The Coolpix L12 sits at the top of Nikon's L-series of budget digital cameras and despite the "usual" naming conventions and the "12" in the camera's name, this is not a 12-megapixel model but a 7.1-megapixel compact.
This is a small but not ultra-compact digital camera that in terms of styling is pretty bland – in a pocketable way. Its features include a surprisingly high-end combination of Face detection AF, manual white balance control (as well as the standard set of presets) and optical image stabilisation.
You get a pretty basic camera otherwise: plastic – but tough – build, a bright F2.8 to F4.7 3x optical zoom lens providing a 35-105mm focal range and you get the usual array of scene modes, flash options and a nice 640 x 480-pixel movie mode with sound.
The large 2.5-inch LCD is a low-resolution affair (with 115k pixels) but despite that, it does the job. That is until you get brighter conditions when it is both hard to see clearly and it will flare horribly, when shooting towards the light making things worse still. The lack of an optical viewfinder means there's little option but to struggle through.
The lack of any form of manual control means you have to rely on the camera to do the thinking for you and mostly things work well. Having access to a high ISO setting is nice, you get up to ISO 1600, but the fact there's no control over the ISO settings whatsoever means indoors and in low lighting, the camera picks a setting up to the maximum. The consequences for this are discussed shortly.
But the real problem is it makes the lens shift anti-shake or as Nikon calls it, Vibration Reduction (VR) system almost redundant and here's why. With VR, you can usually opt to use a lower ISO (and so shakier, slower shutter speeds) than otherwise at your disposal and still get a properly exposed sharp photo.
Here the camera will pick higher ISO settings in low light thus introducing unnecessary amounts of noise into a shot and removing the benefit of the VR as faster shutter speeds are used thanks to the higher ISO setting.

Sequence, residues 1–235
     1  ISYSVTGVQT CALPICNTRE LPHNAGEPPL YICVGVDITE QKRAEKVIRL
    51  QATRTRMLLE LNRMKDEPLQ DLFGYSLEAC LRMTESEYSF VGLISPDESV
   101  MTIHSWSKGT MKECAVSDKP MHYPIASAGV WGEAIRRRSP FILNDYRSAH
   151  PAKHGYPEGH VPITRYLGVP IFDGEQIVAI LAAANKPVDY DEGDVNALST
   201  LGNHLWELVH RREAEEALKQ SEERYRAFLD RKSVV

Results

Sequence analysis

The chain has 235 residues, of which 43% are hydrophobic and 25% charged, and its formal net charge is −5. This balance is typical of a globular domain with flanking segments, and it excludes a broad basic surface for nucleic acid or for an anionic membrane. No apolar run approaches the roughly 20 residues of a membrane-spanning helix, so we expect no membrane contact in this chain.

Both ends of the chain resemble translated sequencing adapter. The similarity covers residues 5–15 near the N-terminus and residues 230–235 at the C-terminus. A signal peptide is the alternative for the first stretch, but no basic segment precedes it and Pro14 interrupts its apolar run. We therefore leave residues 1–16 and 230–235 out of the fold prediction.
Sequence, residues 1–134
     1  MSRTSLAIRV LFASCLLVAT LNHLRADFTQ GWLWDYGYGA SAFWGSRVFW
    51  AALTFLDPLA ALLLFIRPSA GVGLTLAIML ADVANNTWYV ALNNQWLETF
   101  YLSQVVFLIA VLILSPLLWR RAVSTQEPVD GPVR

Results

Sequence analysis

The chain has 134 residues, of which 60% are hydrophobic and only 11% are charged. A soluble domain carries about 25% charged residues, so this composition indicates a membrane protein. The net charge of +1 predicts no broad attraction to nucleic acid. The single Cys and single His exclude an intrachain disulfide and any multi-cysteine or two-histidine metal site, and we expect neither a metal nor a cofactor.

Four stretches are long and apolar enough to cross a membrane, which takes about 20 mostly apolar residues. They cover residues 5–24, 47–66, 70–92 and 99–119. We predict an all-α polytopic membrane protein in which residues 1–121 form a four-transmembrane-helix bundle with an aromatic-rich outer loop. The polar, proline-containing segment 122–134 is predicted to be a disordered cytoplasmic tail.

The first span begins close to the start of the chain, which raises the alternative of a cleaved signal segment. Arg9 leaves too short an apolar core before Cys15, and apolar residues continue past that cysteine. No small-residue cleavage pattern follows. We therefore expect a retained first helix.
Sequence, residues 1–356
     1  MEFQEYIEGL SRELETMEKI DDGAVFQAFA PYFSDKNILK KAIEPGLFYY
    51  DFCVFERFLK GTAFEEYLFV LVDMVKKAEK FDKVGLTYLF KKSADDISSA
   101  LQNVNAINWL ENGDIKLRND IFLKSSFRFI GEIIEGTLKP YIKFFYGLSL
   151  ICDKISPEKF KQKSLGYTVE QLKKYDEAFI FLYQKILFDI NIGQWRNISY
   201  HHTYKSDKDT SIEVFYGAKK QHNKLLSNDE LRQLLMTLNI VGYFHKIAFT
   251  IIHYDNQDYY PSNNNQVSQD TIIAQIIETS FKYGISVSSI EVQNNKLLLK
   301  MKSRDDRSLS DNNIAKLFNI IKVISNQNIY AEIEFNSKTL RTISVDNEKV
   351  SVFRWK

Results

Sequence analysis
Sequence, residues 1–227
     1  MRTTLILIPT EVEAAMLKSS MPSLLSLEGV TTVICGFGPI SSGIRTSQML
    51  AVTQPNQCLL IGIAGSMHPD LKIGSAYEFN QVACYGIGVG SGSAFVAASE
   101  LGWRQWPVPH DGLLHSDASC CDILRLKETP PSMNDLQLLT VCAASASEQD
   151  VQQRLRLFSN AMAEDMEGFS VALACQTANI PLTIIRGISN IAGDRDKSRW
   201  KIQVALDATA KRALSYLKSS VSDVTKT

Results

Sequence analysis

Another bugbear is the sluggish performance. Four seconds to start up, about two and a half seconds between shots and a seven and a half second flash recycle time (where the camera locks up totally as well) mean this is neither a family friendly camera or one to use for anything other than set up shots or subjects that are unlikely to move any time soon.
On the plus side, image quality is good at the lower ISO settings and by that, I mean below ISO 200. Images are saved to either the 21MB of internal memory (that's enough for six top quality images) or on SD/SDHC/MMC external storage.
Detail is well captured, particularly below that ISO 200 threshold, as are colours, which are naturally rendered. The Face detection AF works nicely but as is common for such systems, it works best when the person's face is clearly visible a directed toward the camera.
Metering is excellent as is the white balance set up and it is only when you get over ISO 400 that noise and image processing problems (detail smoothing for example) start to "wipe" the smile from any face in a shot.
There are a couple of other neat tools built into the L12 that mitigate (but not entirely) the problems. Nikon's D-Lighting technology is included to help lift shadows in backlit subjects for example, but it is a convoluted button process to get to it, you get PictBridge support too and you can resize and copy images all in-camera.
Okay, so this is not an expensive digital camera and while it is bland in terms of styling, it still boasts a couple of standout features particularly at this £150 (all but a penny) price point.
Image quality is good and there are plenty of scene modes (15 in all) to play with to help on more challenging situations.
Shame though, there's no proper manual control.
Overall however, L12 is plagued by its sluggish performance and the lack of control over the ISO settings, which almost completely wipes out the benefit of VR.